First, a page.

06/24/2004 11:00PM

Letters to the Editor


Champ's crisis: Azeri standing at crossroads

Azeri's long-awaited comeback this year was something to see, as she won a record third straight Apple Blossom Handicap at Oaklawn Park. But how quickly things can change, and now that spring has turned to summer it has been one flop after another for the former Horse of the Year.

After that dominant performance to start her 2004 campaign, Azeri has lost three consecutive races.

First, she dropped a head decision to an average mare, Mayo on the Side, in the Humana Distaff at Churchill Downs on Kentucky Derby Day. Thrown into the Met Mile against males, where she had no business running, she ran eighth of nine. Then, most recently, there was the dismal performance (at 4-5) in the Ogden Phipps Handicap, finishing last in a field of four.

The million-dollar question is, Where does Azeri go from here?

The owners of Azeri, headed by Michael Paulson, looked brilliant more than two months ago, bringing Azeri back to top form under Hall of Fame trainer D. Wayne Lukas. But this roller-coaster ride has gone off the tracks and has now left more questions than answers.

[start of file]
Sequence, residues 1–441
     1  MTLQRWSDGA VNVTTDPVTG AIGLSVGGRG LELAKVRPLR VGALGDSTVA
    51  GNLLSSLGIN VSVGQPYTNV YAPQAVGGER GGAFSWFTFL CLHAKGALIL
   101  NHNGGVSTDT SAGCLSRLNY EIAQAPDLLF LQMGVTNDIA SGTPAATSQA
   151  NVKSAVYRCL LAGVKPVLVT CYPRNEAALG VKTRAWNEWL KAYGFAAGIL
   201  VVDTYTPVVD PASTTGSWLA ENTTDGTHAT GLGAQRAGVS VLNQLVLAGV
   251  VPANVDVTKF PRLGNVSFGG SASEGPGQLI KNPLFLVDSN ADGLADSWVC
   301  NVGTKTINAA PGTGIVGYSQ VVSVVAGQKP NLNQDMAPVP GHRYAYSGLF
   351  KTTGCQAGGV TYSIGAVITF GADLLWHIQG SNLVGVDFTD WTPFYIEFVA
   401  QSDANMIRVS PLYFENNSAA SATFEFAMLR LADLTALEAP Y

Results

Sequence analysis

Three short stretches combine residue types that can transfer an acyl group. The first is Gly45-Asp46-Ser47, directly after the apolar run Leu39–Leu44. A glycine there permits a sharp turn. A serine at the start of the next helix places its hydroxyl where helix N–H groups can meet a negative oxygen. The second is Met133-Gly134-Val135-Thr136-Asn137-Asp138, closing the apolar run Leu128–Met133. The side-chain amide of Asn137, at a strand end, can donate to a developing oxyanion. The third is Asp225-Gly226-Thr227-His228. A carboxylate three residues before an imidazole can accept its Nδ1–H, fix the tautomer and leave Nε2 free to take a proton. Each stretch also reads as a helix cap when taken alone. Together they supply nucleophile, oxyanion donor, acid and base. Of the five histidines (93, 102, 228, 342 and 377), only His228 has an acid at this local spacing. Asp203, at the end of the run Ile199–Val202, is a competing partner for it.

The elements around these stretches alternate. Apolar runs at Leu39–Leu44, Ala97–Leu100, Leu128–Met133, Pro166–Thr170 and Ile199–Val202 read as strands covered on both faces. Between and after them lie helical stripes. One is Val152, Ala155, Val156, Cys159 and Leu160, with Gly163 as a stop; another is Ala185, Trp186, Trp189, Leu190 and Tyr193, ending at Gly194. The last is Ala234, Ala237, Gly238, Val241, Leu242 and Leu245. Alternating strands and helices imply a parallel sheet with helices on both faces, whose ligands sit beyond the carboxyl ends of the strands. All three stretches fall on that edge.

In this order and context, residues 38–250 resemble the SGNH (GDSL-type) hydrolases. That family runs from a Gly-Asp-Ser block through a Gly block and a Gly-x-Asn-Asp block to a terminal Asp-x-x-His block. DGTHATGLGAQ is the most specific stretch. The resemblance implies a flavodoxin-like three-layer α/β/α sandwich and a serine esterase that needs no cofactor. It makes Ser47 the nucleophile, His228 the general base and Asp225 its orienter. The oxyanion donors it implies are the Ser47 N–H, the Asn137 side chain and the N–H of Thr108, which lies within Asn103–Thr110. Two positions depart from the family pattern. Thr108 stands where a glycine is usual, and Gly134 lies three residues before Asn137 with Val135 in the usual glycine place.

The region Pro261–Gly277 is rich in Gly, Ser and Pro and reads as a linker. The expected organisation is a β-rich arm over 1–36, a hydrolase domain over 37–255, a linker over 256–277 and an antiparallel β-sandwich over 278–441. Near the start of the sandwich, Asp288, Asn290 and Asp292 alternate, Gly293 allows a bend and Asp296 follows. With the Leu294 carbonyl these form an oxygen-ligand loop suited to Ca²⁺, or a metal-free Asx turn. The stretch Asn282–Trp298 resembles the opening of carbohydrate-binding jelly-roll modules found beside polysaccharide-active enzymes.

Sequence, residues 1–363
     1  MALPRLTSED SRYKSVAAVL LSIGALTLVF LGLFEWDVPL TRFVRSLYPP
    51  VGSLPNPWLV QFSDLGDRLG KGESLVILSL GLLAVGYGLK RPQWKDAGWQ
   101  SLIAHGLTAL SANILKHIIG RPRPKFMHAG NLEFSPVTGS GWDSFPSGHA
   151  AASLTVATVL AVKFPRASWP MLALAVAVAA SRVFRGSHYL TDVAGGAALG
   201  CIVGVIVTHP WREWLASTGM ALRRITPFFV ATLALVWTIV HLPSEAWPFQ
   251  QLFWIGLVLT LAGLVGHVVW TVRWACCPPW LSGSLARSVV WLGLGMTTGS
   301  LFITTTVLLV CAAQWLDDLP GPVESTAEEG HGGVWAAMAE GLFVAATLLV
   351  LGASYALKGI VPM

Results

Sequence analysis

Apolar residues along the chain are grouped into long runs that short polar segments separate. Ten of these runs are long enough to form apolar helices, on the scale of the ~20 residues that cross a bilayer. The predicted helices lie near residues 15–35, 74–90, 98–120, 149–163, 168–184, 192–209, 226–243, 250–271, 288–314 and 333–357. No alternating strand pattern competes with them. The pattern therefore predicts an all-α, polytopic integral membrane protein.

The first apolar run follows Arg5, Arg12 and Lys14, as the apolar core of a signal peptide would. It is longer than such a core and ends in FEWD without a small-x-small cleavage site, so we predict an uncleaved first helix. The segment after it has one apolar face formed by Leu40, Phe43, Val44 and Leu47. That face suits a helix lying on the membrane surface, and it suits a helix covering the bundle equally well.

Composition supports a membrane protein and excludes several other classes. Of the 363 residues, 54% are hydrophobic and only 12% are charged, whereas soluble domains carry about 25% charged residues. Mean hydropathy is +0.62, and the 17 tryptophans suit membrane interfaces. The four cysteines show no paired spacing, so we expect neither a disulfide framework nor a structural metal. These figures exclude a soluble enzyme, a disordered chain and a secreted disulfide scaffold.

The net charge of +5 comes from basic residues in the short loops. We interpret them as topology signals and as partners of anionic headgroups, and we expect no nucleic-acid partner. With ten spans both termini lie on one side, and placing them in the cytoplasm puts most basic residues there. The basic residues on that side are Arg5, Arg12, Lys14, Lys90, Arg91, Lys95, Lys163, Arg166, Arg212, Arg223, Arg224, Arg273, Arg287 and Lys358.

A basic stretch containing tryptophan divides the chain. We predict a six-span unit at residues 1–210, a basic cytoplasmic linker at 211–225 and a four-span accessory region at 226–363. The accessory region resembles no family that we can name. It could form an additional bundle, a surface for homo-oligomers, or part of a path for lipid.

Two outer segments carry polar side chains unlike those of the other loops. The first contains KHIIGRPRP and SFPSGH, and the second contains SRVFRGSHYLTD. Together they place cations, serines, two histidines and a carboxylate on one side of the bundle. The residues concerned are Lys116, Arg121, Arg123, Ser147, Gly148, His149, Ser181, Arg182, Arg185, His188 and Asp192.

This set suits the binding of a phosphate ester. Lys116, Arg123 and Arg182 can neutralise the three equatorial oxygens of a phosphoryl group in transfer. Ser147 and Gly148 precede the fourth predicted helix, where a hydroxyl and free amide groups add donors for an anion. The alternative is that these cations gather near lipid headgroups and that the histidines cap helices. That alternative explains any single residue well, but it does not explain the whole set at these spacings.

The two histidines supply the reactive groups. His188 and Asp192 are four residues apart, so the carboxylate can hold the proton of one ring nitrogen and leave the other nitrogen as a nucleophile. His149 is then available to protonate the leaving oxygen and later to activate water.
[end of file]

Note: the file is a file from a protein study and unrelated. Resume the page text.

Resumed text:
Why was Laura de Seroux replaced as Azeri's trainer? Why was regular rider Mike Smith removed? These are just two questions that need to be answered.

The obvious number one question is, What is in the best interest for Azeri? Has she had enough? Only one man at this stage of the game can answer that: Lukas. Whatever the decision may be, we all have to assume that Lukas will do whatever is in the best interest of the champ.

If that means retiring Azeri, so be it. We have seen one of the best equine athletes of all time, and we can be thankful for that. And if Azeri continues running, let's all hope we can see her rise to the top once more.

Salvatore Coriale
Saratoga Springs, N.Y.

Wrong motives keep mare running

As a diehard fan of horse racing and Azeri in particular, I have to ask Michael Paulson, manager of Azeri's ownership, How many more losses must her fans endure before he realizes 1. That Mike Smith is the only rider for Azeri and/or 2. That Azeri no longer shows an interest in racing and should be retired before her crown is tarnished further?